10 percent of surveys noted a change in the popular attitude towards higher education. They pointed out that, over the past few years, the value of higher education degrees has been subject to increasing criticism from the public and from governments.
Recent Changes in Education System in India –
Changes Brought About by the National Policy on Education (NPE)
- The Right of Children to Free and Compulsory Education – In a developing country like India where resources are limited and parents are not financially prepared to send their children to school, the government is responsible for ensuring quality education for its young citizens.
- The establishment of learning facilities and occupational centers for women expansion of girls’ occupational centers – Literacy rates among women in India are low. With recent changes in the education system, the rates up to over 50% at the start of the new education system. In some states like Kerala, female literacy rates are as high as 86%.Programs like the Saakshar Bharat Mission for Female Literacy and the National Literacy Mission were responsible for this positive change in women’s education. In Bihar, the government also introduced a program to gave free bicycles, laptops to female students so they can go to school. The problem of high dropout rates in secondary and higher education levels will remain exist. The government has to think of ways so that parents sending their children in school and to reward students for staying in school.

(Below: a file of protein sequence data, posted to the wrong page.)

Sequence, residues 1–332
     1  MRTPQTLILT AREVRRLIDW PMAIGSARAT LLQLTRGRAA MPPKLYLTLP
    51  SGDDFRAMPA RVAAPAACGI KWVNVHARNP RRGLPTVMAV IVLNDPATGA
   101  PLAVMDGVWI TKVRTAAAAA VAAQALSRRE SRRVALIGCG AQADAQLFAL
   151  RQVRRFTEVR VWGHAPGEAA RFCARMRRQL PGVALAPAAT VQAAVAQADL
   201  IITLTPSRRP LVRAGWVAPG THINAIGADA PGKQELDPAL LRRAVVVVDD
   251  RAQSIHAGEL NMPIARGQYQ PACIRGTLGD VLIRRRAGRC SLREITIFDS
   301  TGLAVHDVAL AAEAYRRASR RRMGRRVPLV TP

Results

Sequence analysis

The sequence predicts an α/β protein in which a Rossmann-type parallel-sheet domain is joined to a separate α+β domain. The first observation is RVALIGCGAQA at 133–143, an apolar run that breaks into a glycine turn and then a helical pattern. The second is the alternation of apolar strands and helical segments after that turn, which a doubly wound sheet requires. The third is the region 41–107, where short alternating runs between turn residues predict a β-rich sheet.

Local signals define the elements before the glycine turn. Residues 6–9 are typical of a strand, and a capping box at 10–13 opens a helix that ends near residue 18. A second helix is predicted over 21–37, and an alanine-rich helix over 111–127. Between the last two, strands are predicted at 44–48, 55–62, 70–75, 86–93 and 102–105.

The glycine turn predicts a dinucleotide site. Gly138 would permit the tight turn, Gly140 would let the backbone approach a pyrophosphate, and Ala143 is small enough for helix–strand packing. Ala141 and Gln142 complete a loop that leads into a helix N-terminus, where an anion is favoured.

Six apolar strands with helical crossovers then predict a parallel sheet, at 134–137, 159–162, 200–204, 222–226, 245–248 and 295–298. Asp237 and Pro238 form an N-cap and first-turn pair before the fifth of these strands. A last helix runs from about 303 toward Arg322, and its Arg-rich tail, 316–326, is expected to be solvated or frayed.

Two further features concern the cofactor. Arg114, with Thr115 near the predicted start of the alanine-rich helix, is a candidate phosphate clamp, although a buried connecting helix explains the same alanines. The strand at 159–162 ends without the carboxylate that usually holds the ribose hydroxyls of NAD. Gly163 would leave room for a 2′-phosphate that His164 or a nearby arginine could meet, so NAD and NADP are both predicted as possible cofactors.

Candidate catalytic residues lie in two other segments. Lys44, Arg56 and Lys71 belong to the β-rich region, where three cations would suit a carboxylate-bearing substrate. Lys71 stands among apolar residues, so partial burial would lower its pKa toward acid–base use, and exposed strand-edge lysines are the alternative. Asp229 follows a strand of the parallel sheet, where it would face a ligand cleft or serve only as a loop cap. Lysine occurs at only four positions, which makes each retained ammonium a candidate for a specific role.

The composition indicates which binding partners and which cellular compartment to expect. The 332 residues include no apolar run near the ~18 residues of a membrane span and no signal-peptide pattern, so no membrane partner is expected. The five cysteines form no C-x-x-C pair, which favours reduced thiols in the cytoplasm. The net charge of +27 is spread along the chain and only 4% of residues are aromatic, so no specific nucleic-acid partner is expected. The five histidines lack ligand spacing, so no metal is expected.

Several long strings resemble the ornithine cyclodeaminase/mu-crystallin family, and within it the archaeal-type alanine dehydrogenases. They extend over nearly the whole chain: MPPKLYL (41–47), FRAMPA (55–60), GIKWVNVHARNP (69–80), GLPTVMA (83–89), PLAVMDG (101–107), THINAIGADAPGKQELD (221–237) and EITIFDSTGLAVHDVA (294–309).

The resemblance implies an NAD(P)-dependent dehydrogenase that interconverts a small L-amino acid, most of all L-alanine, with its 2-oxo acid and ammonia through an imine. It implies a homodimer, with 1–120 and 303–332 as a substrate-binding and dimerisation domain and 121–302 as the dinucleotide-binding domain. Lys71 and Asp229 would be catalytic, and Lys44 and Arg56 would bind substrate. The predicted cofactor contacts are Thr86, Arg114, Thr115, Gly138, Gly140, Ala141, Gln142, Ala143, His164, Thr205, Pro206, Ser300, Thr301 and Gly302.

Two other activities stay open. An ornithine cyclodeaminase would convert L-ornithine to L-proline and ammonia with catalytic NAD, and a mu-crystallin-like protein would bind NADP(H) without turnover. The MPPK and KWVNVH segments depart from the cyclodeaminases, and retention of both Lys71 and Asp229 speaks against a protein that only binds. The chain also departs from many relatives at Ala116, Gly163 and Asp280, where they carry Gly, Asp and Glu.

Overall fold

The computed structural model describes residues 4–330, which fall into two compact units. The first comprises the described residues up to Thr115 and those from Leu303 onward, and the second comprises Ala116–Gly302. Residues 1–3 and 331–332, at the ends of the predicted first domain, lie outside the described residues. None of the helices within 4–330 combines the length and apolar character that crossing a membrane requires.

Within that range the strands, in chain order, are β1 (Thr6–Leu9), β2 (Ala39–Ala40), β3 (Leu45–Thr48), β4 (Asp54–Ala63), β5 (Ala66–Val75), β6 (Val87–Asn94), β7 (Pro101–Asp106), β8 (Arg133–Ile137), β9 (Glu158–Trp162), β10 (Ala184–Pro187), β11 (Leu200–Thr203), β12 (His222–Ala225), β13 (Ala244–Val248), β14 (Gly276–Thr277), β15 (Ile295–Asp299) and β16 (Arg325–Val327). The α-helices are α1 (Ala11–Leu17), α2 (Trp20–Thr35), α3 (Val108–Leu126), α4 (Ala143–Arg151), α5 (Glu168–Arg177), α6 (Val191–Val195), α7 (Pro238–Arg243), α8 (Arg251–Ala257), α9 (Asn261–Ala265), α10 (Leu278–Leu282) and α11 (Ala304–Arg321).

- The increase of primary, secondary, and higher education institutions in rural areas – There are total of about 1.4Millions schools in India today and rural communities already have schools within walking distance. The problem is that there are a great number of schools but the quality of education in Indian must be improved. Rural schools built and founded by groups like the Rural Development Foundation.